You are here: HomeNews20191108 › Salvos Homelessness Work To Feature On Sbs

Salvos homelessness work to feature on SBS

Salvos homelessness work to feature on SBS

Salvos homelessness work to feature on SBS

8 November 2019

The Life After the Oasis documentary features Owen Davis, who is now working alongside The Salvation Army to mentor and support young people experiencing homelessness. Photo: Shark Island Productions

By Lauren Martin

The work of The Salvation Army in supporting young people experiencing homelessness will be featured in a documentary, Life After the Oasis, on SBS television this Sunday night.

Watching will be Owen Davis, one of the young people who experienced homelessness as a teenager and was assisted by The Salvation Army’s Majors Paul and Robbin Moulds at the Oasis Youth Support Network.

“It’s eye-opening,” he says of seeing a preview of the documentary, which profiles where the young people are now, 10 years after the original documentary, The Oasis, was aired on ABC television. “It’s like I’m watching a different life. But it’s good. It shows the progress and it makes you want to keep going.”

Owen has certainly changed since then, maintaining stable accommodation, studying film and music production and launching his own company, Street2Stage, which mentors teenagers and adults who have experienced homelessness and helps them create music.

“For me, music was like a thing that turned my life around,” he says. “It breaks my heart to see people that aren’t turning their lives around when they can reach for the stars.”

One of the 2019 participants, ‘Fletch’, has known Owen since they were both experiencing homelessness and receiving assistance from The Salvation Army at the Oasis Youth Support Network. A few years ago, when he was released from jail, he decided his life needed to change. Owen was the first person he got in touch with.

“He got me into making music ... he’s been a role model for me,” says Fletch. “Music is a way I can express myself ... it feels exhilarating.”

Fletch has been in stable accommodation for more than a year and has plans to become a musician and start his own company. He says the Street2Stage Project has changed his life.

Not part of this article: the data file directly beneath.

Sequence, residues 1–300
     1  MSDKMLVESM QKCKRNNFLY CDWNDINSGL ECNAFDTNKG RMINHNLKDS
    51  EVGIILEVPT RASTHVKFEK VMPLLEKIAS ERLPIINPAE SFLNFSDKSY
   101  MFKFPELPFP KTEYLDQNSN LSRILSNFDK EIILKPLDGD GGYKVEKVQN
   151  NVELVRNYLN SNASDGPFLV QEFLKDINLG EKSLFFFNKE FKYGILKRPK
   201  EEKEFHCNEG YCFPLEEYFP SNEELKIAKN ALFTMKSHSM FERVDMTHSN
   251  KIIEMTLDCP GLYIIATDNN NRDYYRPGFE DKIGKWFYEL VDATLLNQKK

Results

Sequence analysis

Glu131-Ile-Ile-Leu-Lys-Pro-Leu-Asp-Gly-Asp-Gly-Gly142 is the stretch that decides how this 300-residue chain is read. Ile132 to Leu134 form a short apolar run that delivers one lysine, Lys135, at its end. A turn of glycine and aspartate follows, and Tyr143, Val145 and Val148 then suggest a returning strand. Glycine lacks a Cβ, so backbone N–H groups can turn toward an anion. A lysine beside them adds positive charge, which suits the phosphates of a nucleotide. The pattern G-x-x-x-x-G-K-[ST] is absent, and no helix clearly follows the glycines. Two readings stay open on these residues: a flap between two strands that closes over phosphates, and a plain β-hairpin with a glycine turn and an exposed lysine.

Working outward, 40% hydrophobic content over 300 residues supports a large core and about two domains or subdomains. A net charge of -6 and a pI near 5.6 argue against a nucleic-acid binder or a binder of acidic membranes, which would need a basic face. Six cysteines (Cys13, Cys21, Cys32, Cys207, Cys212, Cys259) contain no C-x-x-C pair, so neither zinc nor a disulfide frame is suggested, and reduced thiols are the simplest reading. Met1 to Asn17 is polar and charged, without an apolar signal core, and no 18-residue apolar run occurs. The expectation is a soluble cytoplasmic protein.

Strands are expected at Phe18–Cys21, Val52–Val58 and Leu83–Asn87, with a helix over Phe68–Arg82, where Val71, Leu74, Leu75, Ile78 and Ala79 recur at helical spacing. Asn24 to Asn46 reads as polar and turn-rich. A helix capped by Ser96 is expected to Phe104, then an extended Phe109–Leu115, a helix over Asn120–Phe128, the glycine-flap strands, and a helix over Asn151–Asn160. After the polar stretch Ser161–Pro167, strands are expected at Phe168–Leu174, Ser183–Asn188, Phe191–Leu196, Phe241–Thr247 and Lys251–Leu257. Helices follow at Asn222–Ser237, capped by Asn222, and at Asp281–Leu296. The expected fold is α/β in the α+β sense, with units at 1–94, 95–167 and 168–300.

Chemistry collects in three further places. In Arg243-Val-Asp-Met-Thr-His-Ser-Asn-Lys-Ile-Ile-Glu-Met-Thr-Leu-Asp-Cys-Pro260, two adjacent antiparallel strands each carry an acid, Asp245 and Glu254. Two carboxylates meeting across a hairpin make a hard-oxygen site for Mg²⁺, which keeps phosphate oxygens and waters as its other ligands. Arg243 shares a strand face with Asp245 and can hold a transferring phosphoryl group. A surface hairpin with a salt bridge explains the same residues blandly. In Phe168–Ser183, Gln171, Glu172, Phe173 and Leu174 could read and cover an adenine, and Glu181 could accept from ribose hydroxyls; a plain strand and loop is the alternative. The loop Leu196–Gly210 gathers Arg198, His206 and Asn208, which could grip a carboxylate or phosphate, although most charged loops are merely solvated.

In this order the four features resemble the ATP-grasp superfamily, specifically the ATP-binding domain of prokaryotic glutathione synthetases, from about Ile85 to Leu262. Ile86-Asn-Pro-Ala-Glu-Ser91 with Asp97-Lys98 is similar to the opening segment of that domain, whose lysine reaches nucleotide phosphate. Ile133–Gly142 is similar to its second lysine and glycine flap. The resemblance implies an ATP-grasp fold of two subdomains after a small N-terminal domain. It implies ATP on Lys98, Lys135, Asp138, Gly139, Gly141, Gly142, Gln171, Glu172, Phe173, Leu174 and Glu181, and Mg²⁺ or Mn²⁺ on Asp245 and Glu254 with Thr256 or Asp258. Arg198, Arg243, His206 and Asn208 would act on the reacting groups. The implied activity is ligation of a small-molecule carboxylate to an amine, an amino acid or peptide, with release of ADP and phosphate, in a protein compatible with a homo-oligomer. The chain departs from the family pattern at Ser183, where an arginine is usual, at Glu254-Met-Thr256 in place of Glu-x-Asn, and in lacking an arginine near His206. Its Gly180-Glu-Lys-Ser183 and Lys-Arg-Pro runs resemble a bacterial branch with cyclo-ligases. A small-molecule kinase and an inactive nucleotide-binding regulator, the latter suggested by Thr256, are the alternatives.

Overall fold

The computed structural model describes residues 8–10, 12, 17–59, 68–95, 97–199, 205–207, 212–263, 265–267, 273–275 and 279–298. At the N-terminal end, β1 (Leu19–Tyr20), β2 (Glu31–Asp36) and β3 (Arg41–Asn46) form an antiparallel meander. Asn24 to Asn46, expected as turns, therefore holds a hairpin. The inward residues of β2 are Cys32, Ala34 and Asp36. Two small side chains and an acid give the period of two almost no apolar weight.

“I’ve got my own place now, it’s awesome, it’s so good ... I’ve got my life back on track. I’ve got something to focus on and motivate me to do the right thing and not get myself into trouble. I look forward to making music. Every time I go into the studio I feel pumped.”

The Street2Stage project, which partners with The Salvation Army and is funded by the Caledonia Foundation, is nearing the end of its pilot year. So far, 10 people have been mentored through the program, creating a song for Life After the Oasis and an album which will be launched soon after the documentary airs on SBS. A tour of high schools is planned for 2020, in which participants will educate students about the dangers of homelessness and perform live.

When the Streets2Stage program moves into its second year, participants from the first year will have the opportunity to stay on and become a mentor for others who become involved.

“We really believe in the domino effect where if you help one person then that person helps someone else in need, and so on and so on,” says Owen, who admits that 10 years ago he never thought he’d be the director of his own company one day.

“I was always very ambitious, but maybe I thought I would be a bit of a drug dealer or a gangster. But now I’m running a legit [sic] business so it’s good!”

You can listen to the Street2Stage single, See You Soar, featuring Ozone (Owen) and Justine Martin at

SBS will air Life After the Oasis on Sunday at 10.30pm.


No comments yet - be the first.

Leave a Comment

- Will not be published

Email me follow-up comments

Note: Your comment requires approval before being published.

Default avatarWould you like to add a personal image? Visit to get your own free gravatar, a globally-recognized avatar. Once setup, your personal image will be attached every time you comment.